Despite warnings from Prime Minister Jean Chrétien and senior ministers to cool the rhetoric, Natural Resources Minister Herb Dhaliwal has slammed U.S. President George W. Bush as a failed statesman.
Liberal sources say Mr. Chrétien, Foreign Affairs Minister Bill Graham and Deputy Prime Minister John Manley have all sought to limit the damage to Canada-U.S. relations by urging MPs not to attack Mr. Bush personally.
But that didn't stop Mr. Dhaliwal from criticizing the U.S. President's handling of the Iraqi crisis, saying he has failed the entire world.
"I think it's really regrettable and unfortunate that he's made this decision when the whole world is crying out for peace," Mr. Dhaliwal said.
"The world expects someone who's the president of a superpower to be a statesman. I think he's let not only Americans, but the world, down by not being a statesman."
Later, after a caucus meeting where Mr. Chrétien referred to Mr. Bush as a friend, the Natural Resources Minister was more muted in his criticism, speaking only of U.S. policy.
Mr. Dhaliwal - a long-time critic of the U.S. administration's security clampdown on immigrants - was the first cabinet minister to condemn the U.S. President, following a long lineup of back-bench MPs who have criticized Mr. Bush's actions and motives.
On Wednesday, Liberal MP Janko Peric ridiculed Mr. Bush's claim that the United States is motivated in part by a desire to liberate the Iraqi people from the harsh regime of Saddam Hussein.
"Do you think President Bush really cares about the people of Iraq? I don't think so," Mr. Peric said.
In caucus Wednesday, Mr. Chrétien said he and Mr. Bush disagree on many issues such as abortion and capital punishment, but they do not let those differences get in the way of good relations between the two governments and the two countries.
"Friends can agree to disagree," Mr. Chrétien said, according to one MP.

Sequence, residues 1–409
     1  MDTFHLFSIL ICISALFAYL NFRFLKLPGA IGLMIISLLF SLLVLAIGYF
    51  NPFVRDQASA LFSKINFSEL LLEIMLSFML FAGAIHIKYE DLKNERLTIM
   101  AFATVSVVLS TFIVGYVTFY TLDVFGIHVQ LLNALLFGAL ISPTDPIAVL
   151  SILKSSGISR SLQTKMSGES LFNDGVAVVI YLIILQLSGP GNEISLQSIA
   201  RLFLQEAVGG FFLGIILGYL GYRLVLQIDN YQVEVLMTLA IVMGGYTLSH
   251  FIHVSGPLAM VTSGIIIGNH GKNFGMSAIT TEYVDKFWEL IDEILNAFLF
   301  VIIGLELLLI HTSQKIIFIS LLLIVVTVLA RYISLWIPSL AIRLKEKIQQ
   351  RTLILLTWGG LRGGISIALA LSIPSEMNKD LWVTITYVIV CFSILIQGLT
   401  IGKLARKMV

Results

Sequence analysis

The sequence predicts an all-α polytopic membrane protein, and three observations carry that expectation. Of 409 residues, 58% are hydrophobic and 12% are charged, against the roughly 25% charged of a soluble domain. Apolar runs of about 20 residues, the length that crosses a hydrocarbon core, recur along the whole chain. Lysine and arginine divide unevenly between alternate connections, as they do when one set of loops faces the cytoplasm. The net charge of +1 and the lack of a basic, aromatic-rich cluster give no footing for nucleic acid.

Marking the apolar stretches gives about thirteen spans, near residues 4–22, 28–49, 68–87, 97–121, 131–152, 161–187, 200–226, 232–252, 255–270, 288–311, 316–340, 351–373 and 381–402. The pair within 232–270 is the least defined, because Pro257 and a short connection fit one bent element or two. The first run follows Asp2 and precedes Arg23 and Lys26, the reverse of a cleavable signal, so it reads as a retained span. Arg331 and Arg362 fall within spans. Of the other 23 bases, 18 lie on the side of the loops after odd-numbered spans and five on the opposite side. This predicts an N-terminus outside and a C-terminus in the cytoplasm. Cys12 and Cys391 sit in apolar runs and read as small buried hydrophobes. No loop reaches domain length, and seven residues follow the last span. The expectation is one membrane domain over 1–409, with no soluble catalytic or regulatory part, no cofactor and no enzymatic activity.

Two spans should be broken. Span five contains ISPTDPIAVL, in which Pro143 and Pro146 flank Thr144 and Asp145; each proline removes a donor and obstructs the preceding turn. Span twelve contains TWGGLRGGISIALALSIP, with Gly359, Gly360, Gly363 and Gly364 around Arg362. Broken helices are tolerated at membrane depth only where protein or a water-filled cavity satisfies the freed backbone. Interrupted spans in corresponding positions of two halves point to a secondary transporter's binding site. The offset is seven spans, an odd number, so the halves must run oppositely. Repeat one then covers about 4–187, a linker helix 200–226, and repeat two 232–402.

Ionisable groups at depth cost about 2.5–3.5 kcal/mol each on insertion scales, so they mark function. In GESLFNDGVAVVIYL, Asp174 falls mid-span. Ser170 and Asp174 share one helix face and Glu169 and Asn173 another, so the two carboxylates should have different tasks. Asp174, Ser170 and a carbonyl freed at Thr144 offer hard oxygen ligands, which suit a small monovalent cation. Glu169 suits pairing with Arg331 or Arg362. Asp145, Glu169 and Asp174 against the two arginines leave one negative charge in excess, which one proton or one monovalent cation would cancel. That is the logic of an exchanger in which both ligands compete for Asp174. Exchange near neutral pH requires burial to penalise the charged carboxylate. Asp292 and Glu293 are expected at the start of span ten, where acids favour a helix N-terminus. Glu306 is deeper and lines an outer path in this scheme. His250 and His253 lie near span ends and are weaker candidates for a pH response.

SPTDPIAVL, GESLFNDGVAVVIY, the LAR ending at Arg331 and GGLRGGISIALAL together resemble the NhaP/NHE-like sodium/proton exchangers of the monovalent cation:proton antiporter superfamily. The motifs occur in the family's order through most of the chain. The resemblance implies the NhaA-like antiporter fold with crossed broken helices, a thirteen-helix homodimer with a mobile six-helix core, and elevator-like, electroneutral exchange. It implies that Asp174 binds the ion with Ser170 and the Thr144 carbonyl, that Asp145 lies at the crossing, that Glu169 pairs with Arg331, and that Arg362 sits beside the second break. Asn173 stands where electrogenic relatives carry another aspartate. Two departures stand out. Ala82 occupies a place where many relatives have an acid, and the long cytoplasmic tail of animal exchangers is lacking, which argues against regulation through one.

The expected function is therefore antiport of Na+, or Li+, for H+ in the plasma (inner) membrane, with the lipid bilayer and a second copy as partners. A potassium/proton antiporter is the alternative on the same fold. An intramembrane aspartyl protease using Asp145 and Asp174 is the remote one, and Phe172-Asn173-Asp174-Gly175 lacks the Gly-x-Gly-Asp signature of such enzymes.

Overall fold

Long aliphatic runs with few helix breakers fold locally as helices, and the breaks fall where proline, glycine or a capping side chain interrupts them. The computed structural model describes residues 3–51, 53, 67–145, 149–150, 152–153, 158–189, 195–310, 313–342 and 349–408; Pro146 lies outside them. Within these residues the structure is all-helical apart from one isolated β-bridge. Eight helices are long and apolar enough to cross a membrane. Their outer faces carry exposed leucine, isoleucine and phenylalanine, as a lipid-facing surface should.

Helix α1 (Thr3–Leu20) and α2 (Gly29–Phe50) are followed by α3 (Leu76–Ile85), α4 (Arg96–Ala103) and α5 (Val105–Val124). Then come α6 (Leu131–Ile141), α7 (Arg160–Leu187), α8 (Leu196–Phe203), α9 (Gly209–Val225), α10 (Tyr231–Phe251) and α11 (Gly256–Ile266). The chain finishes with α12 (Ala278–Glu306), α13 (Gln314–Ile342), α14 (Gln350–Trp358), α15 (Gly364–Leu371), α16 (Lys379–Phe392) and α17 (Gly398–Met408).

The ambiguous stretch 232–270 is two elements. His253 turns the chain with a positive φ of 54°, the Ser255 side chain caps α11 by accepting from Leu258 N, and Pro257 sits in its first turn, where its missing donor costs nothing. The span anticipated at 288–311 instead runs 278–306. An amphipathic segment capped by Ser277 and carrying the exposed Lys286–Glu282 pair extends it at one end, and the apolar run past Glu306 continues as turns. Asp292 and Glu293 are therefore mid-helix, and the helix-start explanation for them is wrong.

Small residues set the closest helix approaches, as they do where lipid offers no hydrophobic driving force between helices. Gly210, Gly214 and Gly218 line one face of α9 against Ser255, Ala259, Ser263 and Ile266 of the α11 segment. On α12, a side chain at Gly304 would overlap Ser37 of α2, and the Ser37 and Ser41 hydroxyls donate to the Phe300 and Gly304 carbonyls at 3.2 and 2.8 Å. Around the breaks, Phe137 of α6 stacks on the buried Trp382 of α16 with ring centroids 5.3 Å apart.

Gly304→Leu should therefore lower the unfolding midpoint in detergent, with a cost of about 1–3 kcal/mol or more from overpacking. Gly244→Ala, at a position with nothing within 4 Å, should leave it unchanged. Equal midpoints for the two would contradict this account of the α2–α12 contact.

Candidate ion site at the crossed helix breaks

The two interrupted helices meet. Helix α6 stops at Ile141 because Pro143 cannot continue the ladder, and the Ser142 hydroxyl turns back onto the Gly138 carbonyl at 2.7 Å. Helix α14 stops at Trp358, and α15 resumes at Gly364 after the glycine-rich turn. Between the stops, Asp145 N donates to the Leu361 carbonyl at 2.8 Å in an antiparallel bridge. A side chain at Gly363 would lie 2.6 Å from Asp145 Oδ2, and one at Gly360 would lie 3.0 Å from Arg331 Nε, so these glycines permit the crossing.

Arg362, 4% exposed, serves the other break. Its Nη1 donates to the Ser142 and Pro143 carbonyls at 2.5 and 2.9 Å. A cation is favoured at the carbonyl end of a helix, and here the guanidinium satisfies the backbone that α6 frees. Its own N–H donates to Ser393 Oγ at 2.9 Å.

Other Liberal MPs acknowledged that senior ministers - including Mr. Graham and Mr. Manley - were warning backbenchers to stick to a principled opposition to the war, rather than target Mr. Bush personally.
Toronto MP Roy Cullen refused to provide details, but said several ministers have expressed concerns to caucus members over the personal attacks on the President.
"I think we need to be careful now," Mr. Cullen said after the caucus meeting. "This is a delicate time in relations between Canada and the United States. We've taken a pretty serious decision and we don't need to rub it in their faces."
Mr. Dhaliwal's comments drew a harsh rebuke from Canadian Alliance Leader Stephen Harper and Progressive Conservative Leader Joe Clark.
Mr. Harper called Mr. Dhaliwal's statement "stupid comments from a senior member of the government.
"This is more evidence that what really drives the government's policy is a kind of anti-American sentiment rather than any real evaluation of the needs of Canadians," Mr. Harper said.
"This government, through its handling of the crisis, has put [Canadians]on the wrong side of the world community, on the wrong side of our historic allies."
Mr. Clark called for Mr. Dhaliwal's resignation.
"I think that Mr. Dhaliwal has got to sort out whether he wants to be a private citizen expressing private opinions or a minister of the Crown," the Tory Leader said.
"If he is going to express opinions of that kind, he has a perfect right to express them so long as he resigns. If he is going to remain in the cabinet, having made that statement, he should stand up in the House of Commons and withdraw it, or the Prime Minister should require him to."
Mr. Graham said he did not agree with Mr. Dhaliwal's view.
"The United States is exercising their sovereign right in their judgment, what is appropriate for them as a sovereign country to do, and I respect that decision," the Foreign Minister said.
Mr. Manley told reporters that Liberal MPs should "avoid as much as possible any [negative]characterization of the U.S. and its motives."
He said Mr. Bush "has his own set of challenges to deal with and is doing it to the best of his ability."
With a report from Jane Taber